Sunday, September 4, 2011

How ACL & MASK work in linux?

■ Requirement : Details on ACL & MASK
■ OS Environment : Linux, RHEL, Centos
■ Resolution : 

       When we set default ACL permission along with masking then there should not be any effect of masking bit. But apart from above all, mode of file and directory gets preference at kernel level. While we create any file, kernel passes mode 0666 to its *open* system call and it passes mode 0777 to *mkdir* system call during creating directory. Then based on the value of umask it sets permission of the file and directory. We know effective permission is mapped to masking permission while we pass extended attributes to setfacl. So, directory can inherit permission from parent but file can't do that. Even file won't get any execution permission. Whereas sub-directory will get full permission. If kernel passes mode 777 or 766 or 776 for file then there should have chance where file will get full execution permission(u+g+o), user execution(only u) and user plus group execution(u+g) permission respectively. I am going to describe these along with some examples here :

1. Case :1

Suppose we have a paranoid user who doesn't want anybody else to read his files, ever. He has set his umask to 077. Here's what we see in that case:

$ umask 077; strace -eopen touch testfile 2>&1 | tail -1; ls -l testfile

open("testfile", O_WRONLY|O_CREAT|O_NOCTTY|O_NONBLOCK, 0666) = 3
-rw-------. 1 root root 0 Sep 4 15:25 testfile

Here *touch* doesn't care of what the umask is. It just calls open with the desired permissions of 0666, and the kernel applies the umask. Our umask in this case is 0077, or ---rwxrwx, so those are the permissions we cross out. All that's left are the rw- for the owner; the group and other permissions are all taken away, and we have rw------- (0600).

2. Case :2

The same concepts apply to directories. The only real difference is that directories are created with execute permissions by default (0777 instead of 0666). Let's take a look at this:

$ umask 022; strace -emkdir mkdir testdir; ls -ld testdir
mkdir("testdir", 0777) = 0
drwxr-xr-x. 2 root root 4096 Sep 4 15:26 testdir

            There are a few new things in this example, so let's take them one at a time. The first is that we used the mkdir command, which then used the mkdir system call to the kernel. So we told strace to show us just that system call. Next, we see that mkdir (the command) told the kernel to mkdir (the system call) this directory with mode 0777 (which would be rwxrwxrwx). But the kernel took away the umask's bits, so we ended up with rwxr-xr-x (0755).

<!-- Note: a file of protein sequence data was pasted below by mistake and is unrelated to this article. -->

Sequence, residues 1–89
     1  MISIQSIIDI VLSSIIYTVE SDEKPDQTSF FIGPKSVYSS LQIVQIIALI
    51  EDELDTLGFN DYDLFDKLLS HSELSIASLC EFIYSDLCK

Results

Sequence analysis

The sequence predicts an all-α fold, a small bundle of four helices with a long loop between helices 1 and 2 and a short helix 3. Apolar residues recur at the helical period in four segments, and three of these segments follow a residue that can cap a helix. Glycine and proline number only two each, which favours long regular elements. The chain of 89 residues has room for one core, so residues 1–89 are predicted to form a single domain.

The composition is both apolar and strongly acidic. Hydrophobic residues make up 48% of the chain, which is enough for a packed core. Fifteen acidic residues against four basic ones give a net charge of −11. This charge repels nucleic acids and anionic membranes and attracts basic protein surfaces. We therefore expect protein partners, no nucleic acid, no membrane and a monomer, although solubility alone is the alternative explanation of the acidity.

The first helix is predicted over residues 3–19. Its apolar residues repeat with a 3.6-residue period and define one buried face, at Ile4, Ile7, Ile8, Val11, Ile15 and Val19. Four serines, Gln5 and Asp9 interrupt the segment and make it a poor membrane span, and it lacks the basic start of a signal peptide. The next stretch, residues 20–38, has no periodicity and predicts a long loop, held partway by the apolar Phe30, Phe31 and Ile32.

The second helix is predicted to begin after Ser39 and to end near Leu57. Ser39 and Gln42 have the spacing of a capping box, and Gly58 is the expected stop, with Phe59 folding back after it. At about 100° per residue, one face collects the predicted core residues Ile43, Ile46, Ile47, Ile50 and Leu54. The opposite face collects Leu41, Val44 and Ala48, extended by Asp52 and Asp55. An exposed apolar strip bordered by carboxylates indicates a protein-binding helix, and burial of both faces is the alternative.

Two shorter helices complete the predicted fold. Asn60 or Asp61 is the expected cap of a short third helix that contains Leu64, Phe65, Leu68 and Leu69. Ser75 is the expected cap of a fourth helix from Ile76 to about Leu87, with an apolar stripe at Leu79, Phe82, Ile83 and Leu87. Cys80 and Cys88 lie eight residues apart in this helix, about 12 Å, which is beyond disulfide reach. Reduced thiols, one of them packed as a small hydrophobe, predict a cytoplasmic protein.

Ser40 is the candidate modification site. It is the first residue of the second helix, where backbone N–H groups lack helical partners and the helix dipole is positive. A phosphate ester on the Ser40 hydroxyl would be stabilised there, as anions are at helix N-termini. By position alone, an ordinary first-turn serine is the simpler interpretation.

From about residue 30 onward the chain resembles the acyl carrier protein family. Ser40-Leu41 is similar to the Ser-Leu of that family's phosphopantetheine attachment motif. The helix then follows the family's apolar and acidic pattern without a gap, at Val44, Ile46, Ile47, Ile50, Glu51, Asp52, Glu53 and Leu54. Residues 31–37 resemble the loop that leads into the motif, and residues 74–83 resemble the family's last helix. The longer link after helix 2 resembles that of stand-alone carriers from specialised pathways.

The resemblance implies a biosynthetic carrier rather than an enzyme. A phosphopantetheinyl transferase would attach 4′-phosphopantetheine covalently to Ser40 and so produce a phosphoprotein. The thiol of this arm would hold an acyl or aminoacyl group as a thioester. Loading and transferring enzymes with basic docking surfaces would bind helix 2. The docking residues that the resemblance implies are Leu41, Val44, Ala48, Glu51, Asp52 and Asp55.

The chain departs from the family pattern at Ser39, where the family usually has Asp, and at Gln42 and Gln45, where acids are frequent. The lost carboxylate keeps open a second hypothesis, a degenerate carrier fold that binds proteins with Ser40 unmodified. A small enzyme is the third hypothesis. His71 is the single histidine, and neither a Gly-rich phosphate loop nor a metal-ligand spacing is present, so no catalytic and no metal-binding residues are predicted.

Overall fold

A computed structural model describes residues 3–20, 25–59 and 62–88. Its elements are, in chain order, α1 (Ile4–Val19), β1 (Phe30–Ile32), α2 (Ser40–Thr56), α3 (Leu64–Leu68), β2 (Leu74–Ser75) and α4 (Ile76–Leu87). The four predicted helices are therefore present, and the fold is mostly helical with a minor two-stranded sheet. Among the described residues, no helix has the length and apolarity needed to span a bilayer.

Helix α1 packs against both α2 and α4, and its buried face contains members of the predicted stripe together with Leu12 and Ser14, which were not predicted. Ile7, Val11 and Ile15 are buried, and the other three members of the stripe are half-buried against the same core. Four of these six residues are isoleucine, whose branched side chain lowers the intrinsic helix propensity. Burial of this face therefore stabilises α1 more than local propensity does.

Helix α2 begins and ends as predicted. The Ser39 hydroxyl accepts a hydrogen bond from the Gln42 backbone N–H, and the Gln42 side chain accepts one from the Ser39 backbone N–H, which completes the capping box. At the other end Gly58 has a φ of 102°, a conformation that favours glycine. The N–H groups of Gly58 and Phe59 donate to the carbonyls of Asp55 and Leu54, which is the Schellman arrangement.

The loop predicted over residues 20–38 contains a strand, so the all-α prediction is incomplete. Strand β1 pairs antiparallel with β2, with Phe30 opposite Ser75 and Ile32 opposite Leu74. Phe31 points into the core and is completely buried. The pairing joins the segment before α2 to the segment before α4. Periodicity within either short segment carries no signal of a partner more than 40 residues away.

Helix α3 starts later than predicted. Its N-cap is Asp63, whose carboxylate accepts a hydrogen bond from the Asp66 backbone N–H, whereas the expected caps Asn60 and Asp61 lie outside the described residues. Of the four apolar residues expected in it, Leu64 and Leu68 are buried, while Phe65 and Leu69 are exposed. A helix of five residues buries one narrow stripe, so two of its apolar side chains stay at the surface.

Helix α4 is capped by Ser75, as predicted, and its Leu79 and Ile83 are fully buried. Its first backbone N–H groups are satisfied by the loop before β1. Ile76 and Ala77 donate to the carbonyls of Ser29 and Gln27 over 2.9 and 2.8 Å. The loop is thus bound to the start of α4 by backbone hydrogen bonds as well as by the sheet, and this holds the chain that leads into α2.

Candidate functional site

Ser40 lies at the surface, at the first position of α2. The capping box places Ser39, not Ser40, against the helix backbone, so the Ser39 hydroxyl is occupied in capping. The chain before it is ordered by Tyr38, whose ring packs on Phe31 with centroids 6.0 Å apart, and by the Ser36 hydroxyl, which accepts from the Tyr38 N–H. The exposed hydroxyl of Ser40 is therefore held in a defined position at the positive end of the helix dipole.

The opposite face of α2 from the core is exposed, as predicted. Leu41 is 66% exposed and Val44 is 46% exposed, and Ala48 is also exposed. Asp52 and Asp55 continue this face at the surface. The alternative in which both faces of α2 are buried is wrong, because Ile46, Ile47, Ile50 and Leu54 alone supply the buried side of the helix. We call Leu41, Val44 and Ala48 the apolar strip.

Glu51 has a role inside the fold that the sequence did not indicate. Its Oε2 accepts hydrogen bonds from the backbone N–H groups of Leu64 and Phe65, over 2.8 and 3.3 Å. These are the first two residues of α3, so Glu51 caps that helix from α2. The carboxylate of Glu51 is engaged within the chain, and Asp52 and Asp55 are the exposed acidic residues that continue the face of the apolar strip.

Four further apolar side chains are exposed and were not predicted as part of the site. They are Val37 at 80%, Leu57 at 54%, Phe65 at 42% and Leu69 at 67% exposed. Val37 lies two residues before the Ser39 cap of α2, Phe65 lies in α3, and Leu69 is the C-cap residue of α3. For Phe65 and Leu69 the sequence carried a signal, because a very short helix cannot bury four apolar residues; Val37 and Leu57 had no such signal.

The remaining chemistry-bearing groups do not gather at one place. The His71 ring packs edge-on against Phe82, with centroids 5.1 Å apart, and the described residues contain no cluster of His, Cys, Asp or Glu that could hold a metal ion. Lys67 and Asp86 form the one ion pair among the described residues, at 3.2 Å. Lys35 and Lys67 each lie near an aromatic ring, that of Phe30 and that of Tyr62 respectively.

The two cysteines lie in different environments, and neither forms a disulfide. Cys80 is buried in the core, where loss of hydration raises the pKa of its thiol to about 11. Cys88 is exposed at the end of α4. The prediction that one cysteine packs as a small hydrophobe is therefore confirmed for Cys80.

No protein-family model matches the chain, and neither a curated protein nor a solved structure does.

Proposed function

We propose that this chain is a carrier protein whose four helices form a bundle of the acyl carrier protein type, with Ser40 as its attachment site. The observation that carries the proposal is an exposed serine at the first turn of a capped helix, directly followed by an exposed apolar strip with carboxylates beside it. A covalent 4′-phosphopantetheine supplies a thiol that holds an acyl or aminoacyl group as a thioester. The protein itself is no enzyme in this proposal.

3. Case :3 (Applying default ACL)

Let's apply default ACL to check how file and directory get their permission.

$  strace -s 128 -fvTttto luv setfacl -m d:u:tgfurnish:rwx,u:tgfurnish:rwx hello
$ getfacl --all-effective hello
# file: hello
# owner: root
# group: root
user:tgfurnish:rwx #effective:rwx
group::r-x #effective:r-x
default:user:tgfurnish:rwx #effective:rwx
default:group::r-x #effective:r-x

Let's create a file inside hello directory :

$ strace -s 128 -fvTttto luvly touch hello/hii
$ getfacl --all-effective hello/hii
# file: hello/hii
# owner: root
# group: root
user:tgfurnish:rwx #effective:rw-
group::r-x #effective:r--

$ less luvly |grep open |tail -1
8721 1315131118.682518 open("hello/hii", O_WRONLY|O_CREAT|O_NOCTTY|O_NONBLOCK, 0666) = 3 <0 .000184="">

$ umask

      Here  also see kernel passes "0666" mode to touch program. We were expecting that "mask" or "effective" permission will be "rwx" but it didn't happen where directory got similar permission. Note that mask won't be effective if we set default value. I have stated it earlier. That's why I didn't set masking permission though I passed extended attributes to setfacl. So, let's make a summary :

1. File won't get execution permission(masking or effective) whatever we use (ie acl or umask or mask at ACL)
2. Directory can get execution permission(This depends upon how we are setting masking field)
3. If we want to set execution permission to file which is under ACL permission then we have to manually set this permission using "chmod" command. We can implement this in shell script and run it as a cron job.

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